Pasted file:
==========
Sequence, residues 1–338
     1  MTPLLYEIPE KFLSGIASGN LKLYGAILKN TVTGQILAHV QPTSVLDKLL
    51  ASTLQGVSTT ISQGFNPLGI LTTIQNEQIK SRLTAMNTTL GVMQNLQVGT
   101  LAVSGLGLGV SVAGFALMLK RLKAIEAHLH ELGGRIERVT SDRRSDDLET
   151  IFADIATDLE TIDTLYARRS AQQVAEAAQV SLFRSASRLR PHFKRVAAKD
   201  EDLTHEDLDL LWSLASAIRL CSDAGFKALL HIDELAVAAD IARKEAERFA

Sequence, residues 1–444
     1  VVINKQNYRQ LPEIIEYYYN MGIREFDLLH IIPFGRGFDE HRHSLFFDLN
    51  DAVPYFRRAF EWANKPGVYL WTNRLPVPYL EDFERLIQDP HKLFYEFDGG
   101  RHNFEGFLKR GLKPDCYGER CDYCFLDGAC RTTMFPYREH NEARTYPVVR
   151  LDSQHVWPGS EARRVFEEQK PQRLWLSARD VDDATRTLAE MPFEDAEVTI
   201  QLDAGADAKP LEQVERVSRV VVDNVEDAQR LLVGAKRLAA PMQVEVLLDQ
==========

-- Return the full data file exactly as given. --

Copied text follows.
Sequence, residues 1–338
     1  MTPLLYEIPE KFLSGIASGN LKLYGAILKN TVTGQILAHV QPTSVLDKLL
    51  ASTLQGVSTT ISQGFNPLGI LTTIQNEQIK SRLTAMNTTL GVMQNLQVGT
   101  LAVSGLGLGV SVAGFALMLK RLKAIEAHLH ELGGRIERVT SDRRSDDLET
   151  IFADIATDLE TIDTLYARRS AQQVAEAAQV SLFRSASRLR PHFKRVAAKD
   201  EDLTHEDLDL LWSLASAIRL CSDAGFKALL HIDELAVAAD IARKEAERFA

Sequence, residues 1–444
     1  VVINKQNYRQ LPEIIEYYYN MGIREFDLLH IIPFGRGFDE HRHSLFFDLN
    51  DAVPYFRRAF EWANKPGVYL WTNRLPVPYL EDFERLIQDP HKLFYEFDGG
   101  RHNFEGFLKR GLKPDCYGER CDYCFLDGAC RTTMFPYREH NEARTYPVVR
   151  LDSQHVWPGS EARRVFEEQK PQRLWLSARD VDDATRTLAE MPFEDAEVTI
   201  QLDAGADAKP LEQVERVSRV VVDNVEDAQR LLVGAKRLAA PMQVEVLLDQ